As 2015 draws to a close, it’s time to reflect on what’s happened in the world of motoring.
There was plenty to grab the headlines for enthusiasts but motoring stories went further than that this year.
One 2015 story had the car industry making international headlines when Volkswagen was caught cheating official exhaust emissions tests. The company had been building a programme into its cars’ engine computers that enabled them to give false readings in emissions tests.
The device could tell when certain diesel-powered cars were undergoing emissions testing. It then told the engine computer to reduce nitrogen oxide (NOx) emissions to a legal level. When the cars were on the road, it returned those emissions to unacceptable.
Millions of cars that used VW diesel engines worldwide were affected, 1.2m of them in the UK, with Audi, SEAT and Skoda also affected. The fall-out has been messy. There have been lawsuits and VW has had to come up with a fix to enable its engines to return legal NOx emissions while on the road. It’s expected to cost the company billions of pounds to fix people’s cars and billions more in compensation.
More importantly for VW, which has aspirations to become the world’s biggest car maker, its UK sales fell by 20% in the wake of the scandal.
Top Gear goes out with a bang
In March this year, the popular Top Gear TV series imploded after a ‘fracas’ between Jeremy Clarkson and a producer. The presenter was suspended from the BBC and his contract was subsequently not renewed.
Fellow presenters Richard Hammond and James May and executive producer Andy Wilman then left the show too.
The Beeb is planning to reinvent the popular programme with Chris Evans as the main presenter. Clarkson, Hammond, May and Wilman have reunited to produce an all-new car show for Amazon Prime and its video streaming service.
Driverless cars power ahead
2015 was the year when the autonomous or driverless car really seemed to accelerate into the fast lane. The British Government revealed that it was investing heavily in the technology to enable the UK to be at the forefront of driverless car development.
Despite the advances, there are still plenty of questions that need answering about driverless cars
Test cars are expected to be on our roads in January 2016 but we’re still some way behind the US. Google claims its driverless cars have racked up more than 300,000 miles.
Despite the advances, there are still plenty of questions that need answering, such as who is responsible if a driverless car is involved in an accident. Volvo is the first carmaker to say it will accept all liability, but lawyers argue it’s not as straightforward as that.
Paperwork problems: driving licence changes for 2015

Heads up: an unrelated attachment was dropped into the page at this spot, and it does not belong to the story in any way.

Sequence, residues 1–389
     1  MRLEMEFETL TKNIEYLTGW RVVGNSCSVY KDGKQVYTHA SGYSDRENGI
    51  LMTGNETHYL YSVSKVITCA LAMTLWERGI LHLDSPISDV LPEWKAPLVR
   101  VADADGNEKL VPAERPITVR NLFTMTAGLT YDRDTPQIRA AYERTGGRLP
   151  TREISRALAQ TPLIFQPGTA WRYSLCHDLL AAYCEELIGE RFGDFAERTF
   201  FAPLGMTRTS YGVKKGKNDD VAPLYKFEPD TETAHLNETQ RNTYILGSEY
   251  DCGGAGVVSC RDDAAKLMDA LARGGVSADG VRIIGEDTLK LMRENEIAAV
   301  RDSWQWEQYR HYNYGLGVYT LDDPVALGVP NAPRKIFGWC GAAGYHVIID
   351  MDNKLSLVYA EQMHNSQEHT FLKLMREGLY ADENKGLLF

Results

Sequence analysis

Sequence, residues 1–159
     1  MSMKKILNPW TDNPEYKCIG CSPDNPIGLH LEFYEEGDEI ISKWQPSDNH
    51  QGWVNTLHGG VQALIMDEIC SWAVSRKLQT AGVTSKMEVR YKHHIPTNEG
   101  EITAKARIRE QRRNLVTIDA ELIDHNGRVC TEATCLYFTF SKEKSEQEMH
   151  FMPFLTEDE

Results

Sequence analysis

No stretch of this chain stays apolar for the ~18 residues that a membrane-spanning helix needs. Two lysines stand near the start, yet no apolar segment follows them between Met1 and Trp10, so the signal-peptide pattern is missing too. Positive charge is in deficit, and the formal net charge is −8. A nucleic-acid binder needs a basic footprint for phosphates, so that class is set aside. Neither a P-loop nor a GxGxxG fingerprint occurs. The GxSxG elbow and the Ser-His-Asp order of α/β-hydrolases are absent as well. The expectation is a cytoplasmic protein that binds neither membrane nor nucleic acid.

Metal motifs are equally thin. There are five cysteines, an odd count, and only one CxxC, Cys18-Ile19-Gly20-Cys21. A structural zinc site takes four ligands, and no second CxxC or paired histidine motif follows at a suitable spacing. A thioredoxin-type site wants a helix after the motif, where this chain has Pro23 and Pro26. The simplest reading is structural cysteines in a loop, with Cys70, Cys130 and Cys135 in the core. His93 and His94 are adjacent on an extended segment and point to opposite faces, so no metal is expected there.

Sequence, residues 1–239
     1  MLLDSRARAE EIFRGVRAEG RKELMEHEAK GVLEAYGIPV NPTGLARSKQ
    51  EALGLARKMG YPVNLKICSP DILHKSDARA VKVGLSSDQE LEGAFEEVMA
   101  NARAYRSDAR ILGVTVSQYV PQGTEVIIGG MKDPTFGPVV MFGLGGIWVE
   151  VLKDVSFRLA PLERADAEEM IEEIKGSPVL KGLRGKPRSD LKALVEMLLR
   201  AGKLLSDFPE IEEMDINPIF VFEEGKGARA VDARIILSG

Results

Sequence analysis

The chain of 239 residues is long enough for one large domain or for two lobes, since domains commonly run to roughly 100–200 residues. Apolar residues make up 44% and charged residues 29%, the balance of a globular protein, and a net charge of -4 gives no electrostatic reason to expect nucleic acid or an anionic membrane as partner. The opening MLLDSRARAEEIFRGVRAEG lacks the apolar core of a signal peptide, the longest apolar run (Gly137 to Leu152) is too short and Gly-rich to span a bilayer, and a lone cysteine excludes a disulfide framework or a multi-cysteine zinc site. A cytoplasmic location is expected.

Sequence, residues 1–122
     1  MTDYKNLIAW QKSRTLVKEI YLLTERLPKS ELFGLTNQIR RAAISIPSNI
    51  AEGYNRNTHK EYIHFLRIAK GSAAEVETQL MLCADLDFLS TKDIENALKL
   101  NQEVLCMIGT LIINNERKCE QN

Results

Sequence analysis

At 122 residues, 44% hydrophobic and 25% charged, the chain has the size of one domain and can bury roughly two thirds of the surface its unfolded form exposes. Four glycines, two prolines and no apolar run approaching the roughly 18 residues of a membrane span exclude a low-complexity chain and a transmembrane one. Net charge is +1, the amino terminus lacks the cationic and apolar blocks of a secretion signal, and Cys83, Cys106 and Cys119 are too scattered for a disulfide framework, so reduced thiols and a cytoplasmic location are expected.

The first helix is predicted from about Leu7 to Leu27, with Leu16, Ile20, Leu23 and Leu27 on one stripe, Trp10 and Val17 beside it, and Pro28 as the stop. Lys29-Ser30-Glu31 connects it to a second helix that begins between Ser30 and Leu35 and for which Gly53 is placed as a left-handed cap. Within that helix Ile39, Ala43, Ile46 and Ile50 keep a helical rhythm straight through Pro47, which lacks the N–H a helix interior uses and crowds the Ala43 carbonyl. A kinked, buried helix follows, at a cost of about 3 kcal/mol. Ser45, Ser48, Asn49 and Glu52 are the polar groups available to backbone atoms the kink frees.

The paper counterpart to the driving licence was abolished this year. The idea was that it could be out of date as soon as it was issued. By putting everything online, it cuts down on paperwork for the DVLA and theoretically ensures whoever needs to access your licence details – hire car companies for example ‑ has the most current information.
However, having to set up a code to allow third parties to access your driving licence was a tricky sell to drivers, particularly as the system came in just before the summer holidays. All in all it wasn’t a stellar year for the DVLA. Its new online MOT site crashed, causing problems for traders. And the online MOT history website was taken down for weeks while the DVLA built a replacement. Then there were the increasing numbers of drivers being wrongly fined for not having road tax, a legacy of 2014’s decision to abolish the familiar windscreen-mounted tax disc.
And the best new cars of 2015 were…
As ever, there were some fantastic cars launched in 2015. Our favourites? For sheer out-there looks it had to be the Ford GT. As beautiful as any exotic Italian brand, the GT is a stunner from any angle. And then there was the Ferrari 488 GTB. In a radical departure, it was turbo charged. But it looked the part and was just as special to drive as anything that’s gone before it.
And for ‘normal’ car buyers? It has to be the Mazda MX-5. The small roadster has always been a back-to-basics kind of car but Mazda took the latest generation model a step further: it’s smaller, lighter, and even better handling than anything that’s gone before it.
For family car buyers, Ford’s new S-Max took some beating. And Land Rover’s Discovery Sport and reinvented Volvo XC90 have proved smash hits in the hugely popular SUV category.